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LTL Shipping Mistakes Every Sensible Logistics Company Should Avoid



LTL (Less-than-full-truckload) capacity shipping can be advantageous in some cases when carrying a full truckload is either not safe. Generally, however, companies may incur a lot of losses by carrying LTL. Efficiency and cost effectiveness are paramount aspects to the overall success and profitability of a logistics business. Problems and challenges will always be there in dealing with LTL, but it is important to stop these problems dead in their tracks. Anticipating where along the supply chain these mistakes occur can allow companies to have deliveries made according to their expectations and customers’ needs. Without further ado, here are the mistakes which every sensible logistics company should avoid.

The 7 Common Mistakes

  • Dodging Insurance

Picture this. A fleet vehicle is traveling on a relatively less congested freeway and gets into an accident with another truck. The initial damages may be paid by the other driver but not to the full extent. Unless you have full insurance coverage, the tens of thousands worth of shipments that were destroyed will not be covered by the other driver, even though most or all of it was their fault. If you do not have insurance for your vehicle and your merchandise, because you decided that it was a good cost cutting strategy, then you will be at a huge loss in case an unforeseen event does happen. It is best to have insurance for your assets at all times.

  • Avoiding Pallets

Using pallets to group your shipments is a time consuming process, especially if it is done manually. But it does pay off in case you do have to go LTL. A loose stack of shipment orders on the back of a truck gives them just enough room to make them a mobile wrecking ball. A small swerve to avoid an accident on the freeway, and the truck will likely topple under the sheer weight of the items being pushed to one side.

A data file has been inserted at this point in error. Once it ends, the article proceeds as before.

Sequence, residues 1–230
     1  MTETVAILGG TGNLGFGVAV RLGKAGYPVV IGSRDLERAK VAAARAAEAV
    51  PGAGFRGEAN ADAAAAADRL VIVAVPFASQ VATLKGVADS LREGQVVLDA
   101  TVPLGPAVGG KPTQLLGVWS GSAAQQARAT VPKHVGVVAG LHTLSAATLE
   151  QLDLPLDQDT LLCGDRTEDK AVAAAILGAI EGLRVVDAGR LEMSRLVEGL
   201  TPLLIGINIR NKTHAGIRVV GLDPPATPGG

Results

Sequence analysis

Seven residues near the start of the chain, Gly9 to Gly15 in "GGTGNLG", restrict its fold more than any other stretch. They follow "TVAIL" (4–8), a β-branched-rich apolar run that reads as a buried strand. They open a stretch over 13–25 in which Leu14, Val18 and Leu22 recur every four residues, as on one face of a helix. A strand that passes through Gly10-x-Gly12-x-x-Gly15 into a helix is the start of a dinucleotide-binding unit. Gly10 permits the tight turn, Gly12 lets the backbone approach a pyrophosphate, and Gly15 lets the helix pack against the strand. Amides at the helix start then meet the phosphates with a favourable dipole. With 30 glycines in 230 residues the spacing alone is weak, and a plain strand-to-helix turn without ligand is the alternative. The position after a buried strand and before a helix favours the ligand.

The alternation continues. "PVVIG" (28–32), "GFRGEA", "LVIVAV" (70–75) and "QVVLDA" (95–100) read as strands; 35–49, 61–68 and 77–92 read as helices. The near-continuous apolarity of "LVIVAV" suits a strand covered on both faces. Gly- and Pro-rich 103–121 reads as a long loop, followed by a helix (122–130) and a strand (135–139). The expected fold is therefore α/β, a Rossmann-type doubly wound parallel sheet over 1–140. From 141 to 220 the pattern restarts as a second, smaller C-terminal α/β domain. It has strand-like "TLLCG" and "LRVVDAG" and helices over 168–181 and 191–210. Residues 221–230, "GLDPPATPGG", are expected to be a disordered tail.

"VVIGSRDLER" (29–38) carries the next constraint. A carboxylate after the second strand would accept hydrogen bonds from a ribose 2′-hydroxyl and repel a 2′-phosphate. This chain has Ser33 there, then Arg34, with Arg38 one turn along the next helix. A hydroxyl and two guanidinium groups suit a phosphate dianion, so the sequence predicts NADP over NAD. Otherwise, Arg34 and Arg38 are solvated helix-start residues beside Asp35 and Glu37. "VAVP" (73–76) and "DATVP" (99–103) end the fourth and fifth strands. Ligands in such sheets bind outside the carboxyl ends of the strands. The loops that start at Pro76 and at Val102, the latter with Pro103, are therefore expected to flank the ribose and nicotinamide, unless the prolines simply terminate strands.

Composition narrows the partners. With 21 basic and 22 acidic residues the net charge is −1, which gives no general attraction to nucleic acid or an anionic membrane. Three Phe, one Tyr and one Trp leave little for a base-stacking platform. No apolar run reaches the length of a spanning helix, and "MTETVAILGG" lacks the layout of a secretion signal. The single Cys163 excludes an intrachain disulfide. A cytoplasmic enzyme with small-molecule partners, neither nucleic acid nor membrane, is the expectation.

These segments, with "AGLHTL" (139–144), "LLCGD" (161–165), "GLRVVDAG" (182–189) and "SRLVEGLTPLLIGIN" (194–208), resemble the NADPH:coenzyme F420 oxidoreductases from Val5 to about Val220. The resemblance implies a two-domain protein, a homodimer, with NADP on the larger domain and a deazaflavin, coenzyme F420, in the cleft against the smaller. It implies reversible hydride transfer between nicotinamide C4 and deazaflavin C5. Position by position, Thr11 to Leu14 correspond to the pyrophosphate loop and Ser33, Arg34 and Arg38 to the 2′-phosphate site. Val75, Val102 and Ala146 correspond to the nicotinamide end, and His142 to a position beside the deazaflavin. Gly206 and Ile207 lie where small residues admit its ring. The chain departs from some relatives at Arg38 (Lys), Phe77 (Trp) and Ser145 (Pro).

If your shipments have small items, they should be bound together so that they do not fall over and make a mess. Increasing sizes of items in the shipment necessitate the use of palette for not only keeping the items in place but also decreasing the risk of damage to your vehicle.

  • Dodging Transit on the Ground

Some carriers are of the view that ground transit times are excruciatingly long. Air transit may appear less as it takes lesser time to be transported from Airport A to Airport B. It is still no guarantee that the shipment will be delivered earlier to the customer’s doorstep.

The process of air transit may take longer. The plane awaits confirmation from air traffic controllers, has to follow cargo unloading procedures meticulously and may even need further sorting before being reloaded and shipped to its final destination. Sometimes some of the cargo may be rerouted on another plane. All alternatives should be evaluated for transportation of shipments, carefully considering time as well as total costs.

  • Not Remembering to Track Shipments (especially when outsourced)